I am putting together a lobby display for the library called "The Librarian As Superhero." It is a bunch of different pictures mainly. Giles from Buffy, The Librarian: Quest For The Spear, Batgirl, Rex Libris, Nancy Pearl and her action figure. I actually got two copies of the Super Librarian comic book from the New Jersey State Library Association, one in spanish and another in english. I think the display should be kind of interesting. They also sent me a bookmark.
The Super Librarian comic book is here:
Last night was rather interesting. I sat with a new part-time librarian at the reference desk for two hours, and did two tours of my sections, law, business, and the job information center. It was kind of different showing people around.
I've been reading Earth The Sequel on the subway this morning. It is about different companies that are developing renewable energy solutions to our current dilemma with oil and global warming. The book talks about quite a few breakthroughs which I had not heard about. It also talks about a company that I am invested in, Finavera. It also writes about Greenfuel Technologies, Verenium, and other new ventures. Two people were talking energy policy on the train in this morning. I was sitting next to them while I was reading my book as they bantered back and forth. It was kind of entertaining.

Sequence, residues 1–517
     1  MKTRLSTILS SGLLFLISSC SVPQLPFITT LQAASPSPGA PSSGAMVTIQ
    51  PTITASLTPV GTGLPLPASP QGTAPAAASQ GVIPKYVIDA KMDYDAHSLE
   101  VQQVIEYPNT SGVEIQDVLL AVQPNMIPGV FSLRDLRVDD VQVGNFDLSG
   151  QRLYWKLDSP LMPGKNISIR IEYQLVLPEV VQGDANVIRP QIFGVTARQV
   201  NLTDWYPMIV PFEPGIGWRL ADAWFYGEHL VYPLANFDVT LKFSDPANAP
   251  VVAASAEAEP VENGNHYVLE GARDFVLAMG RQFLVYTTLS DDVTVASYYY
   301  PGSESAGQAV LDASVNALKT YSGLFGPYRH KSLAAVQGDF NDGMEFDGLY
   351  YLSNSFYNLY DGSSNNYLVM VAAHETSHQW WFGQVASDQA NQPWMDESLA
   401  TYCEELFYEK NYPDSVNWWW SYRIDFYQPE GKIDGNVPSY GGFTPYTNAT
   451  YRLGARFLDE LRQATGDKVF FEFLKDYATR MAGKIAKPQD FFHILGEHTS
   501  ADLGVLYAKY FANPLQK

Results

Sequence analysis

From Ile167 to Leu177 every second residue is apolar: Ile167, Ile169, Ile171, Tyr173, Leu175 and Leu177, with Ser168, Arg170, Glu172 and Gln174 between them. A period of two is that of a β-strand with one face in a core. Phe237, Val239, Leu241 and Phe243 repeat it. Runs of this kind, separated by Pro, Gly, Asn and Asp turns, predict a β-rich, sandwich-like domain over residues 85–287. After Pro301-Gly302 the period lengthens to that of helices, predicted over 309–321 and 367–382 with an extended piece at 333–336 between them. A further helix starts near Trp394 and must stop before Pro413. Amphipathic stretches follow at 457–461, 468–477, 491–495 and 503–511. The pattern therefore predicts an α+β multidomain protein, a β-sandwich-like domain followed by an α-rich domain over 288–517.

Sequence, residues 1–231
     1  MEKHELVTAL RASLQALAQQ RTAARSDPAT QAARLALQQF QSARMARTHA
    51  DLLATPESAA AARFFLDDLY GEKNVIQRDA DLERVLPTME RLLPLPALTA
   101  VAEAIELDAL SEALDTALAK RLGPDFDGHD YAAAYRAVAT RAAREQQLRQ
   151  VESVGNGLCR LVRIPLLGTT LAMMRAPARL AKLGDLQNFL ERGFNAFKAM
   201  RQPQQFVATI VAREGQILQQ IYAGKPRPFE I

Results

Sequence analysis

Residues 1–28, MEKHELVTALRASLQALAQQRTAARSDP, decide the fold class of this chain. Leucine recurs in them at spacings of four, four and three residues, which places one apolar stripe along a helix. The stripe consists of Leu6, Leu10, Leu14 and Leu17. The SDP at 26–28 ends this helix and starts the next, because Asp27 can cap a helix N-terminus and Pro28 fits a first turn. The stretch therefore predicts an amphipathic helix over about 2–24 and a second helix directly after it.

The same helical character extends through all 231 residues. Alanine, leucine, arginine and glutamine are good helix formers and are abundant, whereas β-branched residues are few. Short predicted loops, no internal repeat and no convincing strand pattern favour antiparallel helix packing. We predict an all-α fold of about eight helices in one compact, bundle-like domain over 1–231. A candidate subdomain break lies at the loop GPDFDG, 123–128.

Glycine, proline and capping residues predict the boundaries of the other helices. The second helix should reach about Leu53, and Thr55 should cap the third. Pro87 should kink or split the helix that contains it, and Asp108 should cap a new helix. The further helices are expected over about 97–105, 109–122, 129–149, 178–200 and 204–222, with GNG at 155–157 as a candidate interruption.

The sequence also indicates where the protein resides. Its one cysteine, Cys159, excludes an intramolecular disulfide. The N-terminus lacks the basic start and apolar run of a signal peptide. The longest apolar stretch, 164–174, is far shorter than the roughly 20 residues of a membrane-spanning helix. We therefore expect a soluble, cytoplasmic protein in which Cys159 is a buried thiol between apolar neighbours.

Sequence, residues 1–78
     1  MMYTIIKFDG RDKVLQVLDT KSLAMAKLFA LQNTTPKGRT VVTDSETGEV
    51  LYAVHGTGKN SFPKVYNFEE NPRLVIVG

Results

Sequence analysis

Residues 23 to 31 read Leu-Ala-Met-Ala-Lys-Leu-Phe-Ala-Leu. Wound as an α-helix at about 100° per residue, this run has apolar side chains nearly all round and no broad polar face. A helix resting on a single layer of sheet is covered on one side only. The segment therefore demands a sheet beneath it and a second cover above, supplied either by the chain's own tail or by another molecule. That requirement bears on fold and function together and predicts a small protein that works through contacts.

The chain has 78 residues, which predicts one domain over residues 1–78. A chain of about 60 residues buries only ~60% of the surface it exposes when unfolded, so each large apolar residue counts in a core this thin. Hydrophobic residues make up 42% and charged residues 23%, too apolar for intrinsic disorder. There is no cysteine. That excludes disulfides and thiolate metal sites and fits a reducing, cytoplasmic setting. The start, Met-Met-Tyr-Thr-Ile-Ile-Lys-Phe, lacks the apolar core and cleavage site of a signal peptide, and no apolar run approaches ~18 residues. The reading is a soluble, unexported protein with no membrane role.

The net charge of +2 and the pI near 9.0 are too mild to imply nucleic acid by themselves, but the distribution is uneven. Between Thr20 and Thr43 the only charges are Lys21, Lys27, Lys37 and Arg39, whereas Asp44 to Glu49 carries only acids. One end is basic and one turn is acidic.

I've taken a few minutes to look at Batman, The Dailies, 1943-1946, Sterling Publishers, c2007. The syndicated strips are far more different than the comic books. The first part is that they are stories about crime. Batman gets captured, he gets beat up by thugs, he makes daring escapes. He uses his brain a lot. There are very few supervillains. Most of his opponents are pirates, gangsters, grifters, and assorted criminals. There is a brief appearance of the Joker who uses laughing gas, but that is about it. The dailies are in black and white. This is Batman as he first appeared without all the bells and whistles done as his creator intended. The cover is a bit misleading, there is no Catwoman, no Two Face in the black, and no Pengun in the black and white comic.
In Batman, The Sunday Classics, 1943-1946, Sterling Publishers, c2007, the Penguin, Joker and Two Face make brief appearances. I rather like the style it is done in. The drawings are a lot simpler than the modern comic books. They have a more cartoonish quality to them. There is the bat cave, but it is not as complicated. There is the bat car, the laboratory, and the bat plane. The utility belt of Batman and Robin don't have a million devices in them. They have a bat walkie talkies, matches, and simple things. Bob Kane is often the penciller. They have a set of brief one page biographies on the artists. The Sunday edition is in full color.